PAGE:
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Drug Alcohol Depend. 2007 Oct 8;90(2-3):210-23. Epub 2007 May 3.

Epidemiological patterns of extra-medical drug use in the United States: evidence from the National Comorbidity Survey Replication, 2001-2003.

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Department of Epidemiology, Michigan State University, B601 West Fee Hall, East Lansing, MI 48824, USA.



In 1994, epidemiological patterns of extra-medical drug use in the United States were estimated from the National Comorbidity Survey. This paper describes such patterns based upon more recent data from the National Comorbidity Survey Replication (NCS-R).


The NCS-R was a nationally representative face-to-face household survey of 9282 English-speaking respondents, aging 18 years and older, conducted in 2001-2003 using a fully structured diagnostic interview, the WHO Composite International Diagnostic Interview (CIDI) Version 3.0.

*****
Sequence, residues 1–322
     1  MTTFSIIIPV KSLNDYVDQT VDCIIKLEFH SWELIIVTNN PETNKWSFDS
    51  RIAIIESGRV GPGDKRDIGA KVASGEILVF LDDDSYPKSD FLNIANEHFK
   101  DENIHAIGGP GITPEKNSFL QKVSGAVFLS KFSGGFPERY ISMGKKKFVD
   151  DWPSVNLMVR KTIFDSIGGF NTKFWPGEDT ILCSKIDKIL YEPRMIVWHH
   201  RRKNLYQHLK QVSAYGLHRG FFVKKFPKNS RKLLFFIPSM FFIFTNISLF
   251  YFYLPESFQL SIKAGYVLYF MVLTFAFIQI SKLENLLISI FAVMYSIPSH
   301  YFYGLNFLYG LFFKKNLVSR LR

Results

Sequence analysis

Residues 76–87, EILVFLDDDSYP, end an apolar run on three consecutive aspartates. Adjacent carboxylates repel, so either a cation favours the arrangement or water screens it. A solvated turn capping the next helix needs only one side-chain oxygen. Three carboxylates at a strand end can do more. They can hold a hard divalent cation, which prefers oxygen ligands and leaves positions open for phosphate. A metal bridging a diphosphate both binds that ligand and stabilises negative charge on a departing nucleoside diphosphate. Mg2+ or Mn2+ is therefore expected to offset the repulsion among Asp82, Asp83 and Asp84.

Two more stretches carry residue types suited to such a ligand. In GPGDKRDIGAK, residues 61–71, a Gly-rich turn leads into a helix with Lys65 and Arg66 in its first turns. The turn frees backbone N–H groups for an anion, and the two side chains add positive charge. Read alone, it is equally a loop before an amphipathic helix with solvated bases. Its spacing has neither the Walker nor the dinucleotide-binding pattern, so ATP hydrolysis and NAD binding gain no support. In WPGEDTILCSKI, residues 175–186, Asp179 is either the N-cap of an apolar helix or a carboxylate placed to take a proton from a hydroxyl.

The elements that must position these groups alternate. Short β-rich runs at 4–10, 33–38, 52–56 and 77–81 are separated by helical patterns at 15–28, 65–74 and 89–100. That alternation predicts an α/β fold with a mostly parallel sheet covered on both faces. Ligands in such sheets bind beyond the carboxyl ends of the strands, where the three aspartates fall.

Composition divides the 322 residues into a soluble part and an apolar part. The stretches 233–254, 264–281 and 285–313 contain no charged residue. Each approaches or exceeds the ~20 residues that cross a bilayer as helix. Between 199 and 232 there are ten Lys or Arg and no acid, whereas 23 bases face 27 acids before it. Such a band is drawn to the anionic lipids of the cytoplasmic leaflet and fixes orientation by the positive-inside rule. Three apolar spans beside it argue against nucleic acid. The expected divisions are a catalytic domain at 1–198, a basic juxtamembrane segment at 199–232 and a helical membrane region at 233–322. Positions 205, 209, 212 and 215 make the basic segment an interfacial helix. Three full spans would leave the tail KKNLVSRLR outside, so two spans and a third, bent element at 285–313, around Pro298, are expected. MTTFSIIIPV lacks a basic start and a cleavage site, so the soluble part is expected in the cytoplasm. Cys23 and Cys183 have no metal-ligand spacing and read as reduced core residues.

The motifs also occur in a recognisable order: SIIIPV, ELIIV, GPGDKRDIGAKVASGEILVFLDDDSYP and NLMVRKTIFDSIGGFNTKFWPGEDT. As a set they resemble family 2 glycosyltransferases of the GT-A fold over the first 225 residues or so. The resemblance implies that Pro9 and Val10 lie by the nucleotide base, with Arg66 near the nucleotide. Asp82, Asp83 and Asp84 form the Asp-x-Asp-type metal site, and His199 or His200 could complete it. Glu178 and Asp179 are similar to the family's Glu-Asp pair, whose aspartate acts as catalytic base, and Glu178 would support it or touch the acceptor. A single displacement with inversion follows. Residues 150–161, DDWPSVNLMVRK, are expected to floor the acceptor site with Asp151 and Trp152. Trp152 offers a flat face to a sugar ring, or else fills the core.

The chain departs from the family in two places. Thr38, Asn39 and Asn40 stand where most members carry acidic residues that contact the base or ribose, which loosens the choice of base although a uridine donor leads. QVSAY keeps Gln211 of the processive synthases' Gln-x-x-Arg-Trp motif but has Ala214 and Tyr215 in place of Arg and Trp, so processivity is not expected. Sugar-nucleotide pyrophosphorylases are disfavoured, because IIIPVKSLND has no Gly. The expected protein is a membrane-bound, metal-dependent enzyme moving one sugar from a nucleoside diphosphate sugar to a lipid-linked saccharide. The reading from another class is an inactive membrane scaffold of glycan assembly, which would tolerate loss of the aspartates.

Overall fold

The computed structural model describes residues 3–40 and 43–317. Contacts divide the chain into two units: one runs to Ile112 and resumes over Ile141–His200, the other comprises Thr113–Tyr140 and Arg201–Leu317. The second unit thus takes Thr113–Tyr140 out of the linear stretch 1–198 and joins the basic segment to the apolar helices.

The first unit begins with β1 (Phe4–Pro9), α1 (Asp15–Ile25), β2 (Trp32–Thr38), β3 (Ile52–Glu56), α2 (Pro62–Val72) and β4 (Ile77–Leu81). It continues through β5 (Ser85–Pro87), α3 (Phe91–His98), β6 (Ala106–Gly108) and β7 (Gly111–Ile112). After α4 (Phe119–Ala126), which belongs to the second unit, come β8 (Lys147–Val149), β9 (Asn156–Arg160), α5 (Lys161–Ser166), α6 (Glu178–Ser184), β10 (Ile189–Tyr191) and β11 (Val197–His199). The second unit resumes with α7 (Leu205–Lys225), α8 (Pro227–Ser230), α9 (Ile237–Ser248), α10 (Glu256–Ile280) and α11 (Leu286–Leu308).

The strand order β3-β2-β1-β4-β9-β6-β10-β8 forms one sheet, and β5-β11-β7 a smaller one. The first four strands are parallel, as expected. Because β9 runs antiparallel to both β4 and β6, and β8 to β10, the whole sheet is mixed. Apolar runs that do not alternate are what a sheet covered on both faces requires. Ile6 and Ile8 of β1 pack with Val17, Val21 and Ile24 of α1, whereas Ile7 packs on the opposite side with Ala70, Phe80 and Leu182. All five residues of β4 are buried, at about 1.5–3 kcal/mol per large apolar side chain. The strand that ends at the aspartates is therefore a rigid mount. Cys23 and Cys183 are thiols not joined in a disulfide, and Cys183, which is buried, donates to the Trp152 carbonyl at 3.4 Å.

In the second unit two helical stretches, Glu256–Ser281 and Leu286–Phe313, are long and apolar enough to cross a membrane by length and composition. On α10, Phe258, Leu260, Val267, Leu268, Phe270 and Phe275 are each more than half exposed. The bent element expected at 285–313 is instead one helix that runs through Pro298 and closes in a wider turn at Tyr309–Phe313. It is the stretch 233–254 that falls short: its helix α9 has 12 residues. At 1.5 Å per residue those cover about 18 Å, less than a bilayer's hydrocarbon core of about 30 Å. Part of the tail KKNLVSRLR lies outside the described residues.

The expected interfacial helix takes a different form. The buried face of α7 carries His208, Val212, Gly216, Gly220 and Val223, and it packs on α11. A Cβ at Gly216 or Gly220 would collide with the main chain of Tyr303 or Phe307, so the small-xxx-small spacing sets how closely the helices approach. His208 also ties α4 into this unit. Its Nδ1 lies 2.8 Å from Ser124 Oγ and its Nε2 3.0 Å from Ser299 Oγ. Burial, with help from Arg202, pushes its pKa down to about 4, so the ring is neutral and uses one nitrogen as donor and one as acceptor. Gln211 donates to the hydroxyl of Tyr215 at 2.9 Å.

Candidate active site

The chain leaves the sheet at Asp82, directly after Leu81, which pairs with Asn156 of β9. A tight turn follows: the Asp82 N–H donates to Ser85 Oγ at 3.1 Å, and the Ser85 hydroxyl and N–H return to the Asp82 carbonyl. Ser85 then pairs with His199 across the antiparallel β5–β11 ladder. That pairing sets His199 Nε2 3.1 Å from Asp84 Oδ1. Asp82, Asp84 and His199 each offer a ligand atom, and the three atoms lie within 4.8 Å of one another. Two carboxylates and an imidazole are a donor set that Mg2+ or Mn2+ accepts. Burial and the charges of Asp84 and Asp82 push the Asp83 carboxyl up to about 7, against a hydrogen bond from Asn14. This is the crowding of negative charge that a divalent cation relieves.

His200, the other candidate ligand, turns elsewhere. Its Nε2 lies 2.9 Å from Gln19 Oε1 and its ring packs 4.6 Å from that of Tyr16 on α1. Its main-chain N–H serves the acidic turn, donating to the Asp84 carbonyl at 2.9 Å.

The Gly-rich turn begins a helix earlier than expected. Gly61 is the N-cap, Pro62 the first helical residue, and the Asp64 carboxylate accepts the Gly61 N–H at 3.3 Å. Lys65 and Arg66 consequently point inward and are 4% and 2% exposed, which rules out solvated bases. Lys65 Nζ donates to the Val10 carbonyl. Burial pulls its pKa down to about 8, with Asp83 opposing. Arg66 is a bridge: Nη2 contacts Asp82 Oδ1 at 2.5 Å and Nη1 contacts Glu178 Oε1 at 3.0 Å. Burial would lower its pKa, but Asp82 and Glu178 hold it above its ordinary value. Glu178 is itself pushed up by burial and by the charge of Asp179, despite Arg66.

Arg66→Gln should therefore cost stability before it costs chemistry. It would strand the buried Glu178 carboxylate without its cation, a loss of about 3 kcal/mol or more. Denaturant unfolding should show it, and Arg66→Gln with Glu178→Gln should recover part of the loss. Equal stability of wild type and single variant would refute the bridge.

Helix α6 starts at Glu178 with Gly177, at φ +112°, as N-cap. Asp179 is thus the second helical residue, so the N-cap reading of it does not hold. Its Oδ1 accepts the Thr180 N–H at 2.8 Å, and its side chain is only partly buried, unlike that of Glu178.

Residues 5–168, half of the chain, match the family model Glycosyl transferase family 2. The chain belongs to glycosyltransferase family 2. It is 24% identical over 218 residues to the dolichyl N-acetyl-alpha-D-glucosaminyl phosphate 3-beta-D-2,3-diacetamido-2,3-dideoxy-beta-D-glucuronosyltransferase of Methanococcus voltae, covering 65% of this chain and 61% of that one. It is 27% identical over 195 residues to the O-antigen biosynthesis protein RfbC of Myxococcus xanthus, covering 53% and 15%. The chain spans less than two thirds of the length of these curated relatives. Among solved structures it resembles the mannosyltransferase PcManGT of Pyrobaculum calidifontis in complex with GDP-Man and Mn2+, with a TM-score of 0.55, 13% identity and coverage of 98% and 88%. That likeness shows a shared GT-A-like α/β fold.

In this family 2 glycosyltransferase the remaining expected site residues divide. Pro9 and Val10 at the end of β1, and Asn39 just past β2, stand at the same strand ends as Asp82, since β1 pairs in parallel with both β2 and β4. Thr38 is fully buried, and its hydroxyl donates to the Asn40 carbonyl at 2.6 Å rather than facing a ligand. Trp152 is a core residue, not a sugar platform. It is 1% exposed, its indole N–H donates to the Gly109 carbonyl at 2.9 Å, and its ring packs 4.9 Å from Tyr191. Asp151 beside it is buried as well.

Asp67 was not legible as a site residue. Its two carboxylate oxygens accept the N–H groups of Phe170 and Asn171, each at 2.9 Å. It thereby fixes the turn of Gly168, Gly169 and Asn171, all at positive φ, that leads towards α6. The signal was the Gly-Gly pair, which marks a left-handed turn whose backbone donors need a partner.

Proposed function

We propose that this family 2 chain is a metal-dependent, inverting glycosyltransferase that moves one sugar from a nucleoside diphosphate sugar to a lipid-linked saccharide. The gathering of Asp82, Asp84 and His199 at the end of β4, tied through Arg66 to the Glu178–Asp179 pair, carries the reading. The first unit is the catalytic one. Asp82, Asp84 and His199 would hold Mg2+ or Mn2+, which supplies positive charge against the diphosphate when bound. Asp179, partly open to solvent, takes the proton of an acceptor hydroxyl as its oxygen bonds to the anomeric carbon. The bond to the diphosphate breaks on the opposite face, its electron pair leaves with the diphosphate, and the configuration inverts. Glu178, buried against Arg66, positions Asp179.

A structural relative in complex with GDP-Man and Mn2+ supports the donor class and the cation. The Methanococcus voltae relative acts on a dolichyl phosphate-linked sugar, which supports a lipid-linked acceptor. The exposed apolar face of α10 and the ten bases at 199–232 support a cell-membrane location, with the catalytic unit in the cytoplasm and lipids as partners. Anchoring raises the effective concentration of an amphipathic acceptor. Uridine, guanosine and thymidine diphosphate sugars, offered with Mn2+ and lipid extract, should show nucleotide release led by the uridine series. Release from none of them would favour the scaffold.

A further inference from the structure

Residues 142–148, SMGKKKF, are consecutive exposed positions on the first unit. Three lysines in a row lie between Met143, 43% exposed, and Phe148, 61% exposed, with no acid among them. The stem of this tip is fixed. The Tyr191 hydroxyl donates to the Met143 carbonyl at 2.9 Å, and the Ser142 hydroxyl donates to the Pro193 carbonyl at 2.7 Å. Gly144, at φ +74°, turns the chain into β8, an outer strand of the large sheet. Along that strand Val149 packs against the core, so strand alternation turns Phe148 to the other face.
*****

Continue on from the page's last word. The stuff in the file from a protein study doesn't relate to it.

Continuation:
The estimated cumulative incidence of alcohol use in the NCS-R was 92%; tobacco, 74%; extra-medical use of other psychoactive drugs, 45%; cannabis, 43% and cocaine, 16%. Statistically robust associations existed between all types of drug use and age, sex, income, employment, education, marital status, geography, religious affiliation and religiosity. Very robust birth cohort differences were observed for cocaine, cannabis, and other extra-medical drug use, but not for alcohol or tobacco. Trends in the estimated cumulative incidence of drug use among young people across time suggested clear periods of fluctuating risk.


These epidemiological patterns of alcohol, tobacco, and other extra-medical drug use in the United States in the early 21st century provide an update of NCS estimates from roughly 10 years ago, and are consistent with contemporaneous epidemiological studies. New findings on religion and religiosity, and exploratory data on time trends, represent progress in both concepts and methodology for such research. These estimates lead to no firm causal inferences, but contribute to a descriptive epidemiological foundation for future research on drug use and dependence across recent decades, birth cohorts, and population subgroups.

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